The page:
But in his first state­ment he said: “I then can hear that this per­son was busy as­sault­ing my mother in the pas­sage.”

Van Breda’s sec­ond de­scrip­tion of how he al­legedly fought and dis­armed the at­tacker is far more de­tailed. In his first ac­count to po­lice, Van Breda didn’t men­tion step­ping over his mother and sis­ter dy­ing in a pool of blood as he pur­sued the at­tacker. He claimed the first time he saw them was af­ter try­ing to call his girl­friend Bianca (who ear­lier claimed on the stand that she was just a friend), while googling emer­gency num­bers on his cell­phone as he was climb­ing the bloody stairs. He al­leged he then fainted. The fol­low­ing para­graph is from Van Breda’s first (poorly) tran­scribed state­ment: “I then woke up… and I can see that my mother was not mov­ing and my sis­ter was still mov­ing and… breath­ing. I then got hold of the emer­gency num­ber and then called the am­bu­lance but I waited for 20 min­utes on the phone in the kitchen.

“I then called Bianca. Again about 7.30 and then later again but it went again on voice­mail and I then What­sApped her and then I got through to the emer­gency peo­ple and then they told me that they are go­ing to call the po­lice.

“I then opened front door, went out­side for a bit and then I went in­side again and sat in the kitchen hav­ing some ci­garettes while I waited for the emer­gency peo­ple and then they ar­rived and then I told them what hap­pened and then they treated my fam­ily in the house. I did not touch any­body of my fam­ily in the house the time the per­son assaulted my fam­ily with the axe.” ( sic)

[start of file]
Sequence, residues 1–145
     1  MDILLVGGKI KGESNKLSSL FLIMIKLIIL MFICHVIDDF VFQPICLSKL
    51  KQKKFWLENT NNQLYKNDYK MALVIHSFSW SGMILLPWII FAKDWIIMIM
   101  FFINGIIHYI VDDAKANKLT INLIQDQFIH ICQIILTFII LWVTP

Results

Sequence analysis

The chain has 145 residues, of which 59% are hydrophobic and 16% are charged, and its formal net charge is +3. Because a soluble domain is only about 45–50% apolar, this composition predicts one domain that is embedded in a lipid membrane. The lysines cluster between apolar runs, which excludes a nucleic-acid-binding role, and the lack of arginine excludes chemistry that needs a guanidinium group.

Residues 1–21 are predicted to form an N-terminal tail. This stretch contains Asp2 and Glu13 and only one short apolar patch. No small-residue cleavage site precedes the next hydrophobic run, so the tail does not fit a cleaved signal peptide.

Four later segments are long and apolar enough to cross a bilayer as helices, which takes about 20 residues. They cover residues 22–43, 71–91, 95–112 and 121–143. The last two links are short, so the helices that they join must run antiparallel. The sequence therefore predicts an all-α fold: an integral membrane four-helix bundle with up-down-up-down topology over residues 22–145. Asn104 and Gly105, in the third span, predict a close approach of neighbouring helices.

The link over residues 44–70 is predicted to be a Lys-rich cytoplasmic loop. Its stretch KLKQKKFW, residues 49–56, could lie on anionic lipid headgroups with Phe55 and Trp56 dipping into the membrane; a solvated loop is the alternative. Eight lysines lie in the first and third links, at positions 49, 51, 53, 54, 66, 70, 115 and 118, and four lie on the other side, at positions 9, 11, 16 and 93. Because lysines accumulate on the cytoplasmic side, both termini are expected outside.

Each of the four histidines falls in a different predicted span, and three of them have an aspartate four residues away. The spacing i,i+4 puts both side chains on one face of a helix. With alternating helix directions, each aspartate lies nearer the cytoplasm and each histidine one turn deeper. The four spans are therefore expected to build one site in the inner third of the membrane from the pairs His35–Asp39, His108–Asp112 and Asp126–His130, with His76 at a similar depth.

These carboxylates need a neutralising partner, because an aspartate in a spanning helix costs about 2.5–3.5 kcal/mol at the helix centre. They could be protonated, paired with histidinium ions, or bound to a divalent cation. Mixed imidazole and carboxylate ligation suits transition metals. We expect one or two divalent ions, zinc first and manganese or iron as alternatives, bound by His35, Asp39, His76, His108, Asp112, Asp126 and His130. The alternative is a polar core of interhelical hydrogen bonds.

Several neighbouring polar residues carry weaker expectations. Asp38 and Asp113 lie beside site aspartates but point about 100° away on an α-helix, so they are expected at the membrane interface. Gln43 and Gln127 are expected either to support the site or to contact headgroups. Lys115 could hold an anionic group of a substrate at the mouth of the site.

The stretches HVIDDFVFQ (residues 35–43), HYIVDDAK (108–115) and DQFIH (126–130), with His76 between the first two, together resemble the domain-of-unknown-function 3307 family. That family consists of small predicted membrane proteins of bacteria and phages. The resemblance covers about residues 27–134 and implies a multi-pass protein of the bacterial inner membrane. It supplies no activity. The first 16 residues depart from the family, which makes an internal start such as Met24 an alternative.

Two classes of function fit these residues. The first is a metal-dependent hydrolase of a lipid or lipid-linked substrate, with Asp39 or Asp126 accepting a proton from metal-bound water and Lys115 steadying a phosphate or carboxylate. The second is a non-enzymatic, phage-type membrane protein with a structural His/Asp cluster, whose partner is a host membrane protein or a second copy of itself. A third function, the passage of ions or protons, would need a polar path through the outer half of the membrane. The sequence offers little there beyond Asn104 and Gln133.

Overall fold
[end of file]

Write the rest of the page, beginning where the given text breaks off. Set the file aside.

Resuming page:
The pos­si­bil­ity of Van Breda’s de­fence not putting him on the stand is re­mote.

“If Botha doesn’t call him then he has big­ger prob­lems than he will have if he does put him on the stand,” said a sea­soned ad­vo­cate who did not want to be named. WITH ten­sion grow­ing among univer­sity stu­dents over next year’s tu­ition costs, there is wide­spread alarm over the cost of fund­ing an over-pop­u­lated higher ed­u­ca­tion sys­tem.

The #FeesMustFall move­ment is gain­ing trac­tion once again as uni­ver­si­ties await the re­lease of the fees com­mis­sion re­port be­fore mak­ing a de­ci­sion on their fees for 2018.

Yes­ter­day the pres­i­dency in­di­cated that Pres­i­dent Ja­cob Zuma is fi­nal­is­ing the pro­cess­ing of the re­port and will in the week con­clude con­sul­ta­tions with rel­e­vant min­is­ters to en­sure that gov­ern­ment can im­ple­ment his de­ci­sion.

Ear­lier this week Finance Min­is­ter Malusi Gi­gaba in­di­cated that gov­ern­ment was al­ready mak­ing large con­tri­bu­tions to­wards higher ed­u­ca­tion with the bud­get in­creased from R77 bil­lion this year to a pro­jected R97bn for 2020 and 2021.

Economist Dawie Roodt said as it stands gov­ern­ment sim­ply can­not af­ford to pay for free ed­u­ca­tion.

“I don’t know why the pres­i­dent is sit­ting on the re­port, it might be that it would in­di­cate there is sig­nif­i­cant fi­nan­cial dis­tress among stu­dents and that might put pres­sure on him to put pres­sure on the min­is­ter of finance to spend more money on the stu­dents,” he said.

“That is a pos­si­bil­ity but the re­al­ity is, look­ing at the min­is­ter of finance’s point of view, we have reached the end of the road and we have run out of money. There sim­ply is no more money. It is so bad; I ex­pect the rat­ings agen­cies to down­grade South Africa any day now.

“Can we af­ford to pay for the stu­dents, the an­swer is yes but we must cut some­thing else. Stu­dents are very or­gan­ised and they are vo­cal.’’


Henri van Breda sits in an am­bu­lance dis­play­ing in­juries to his torso.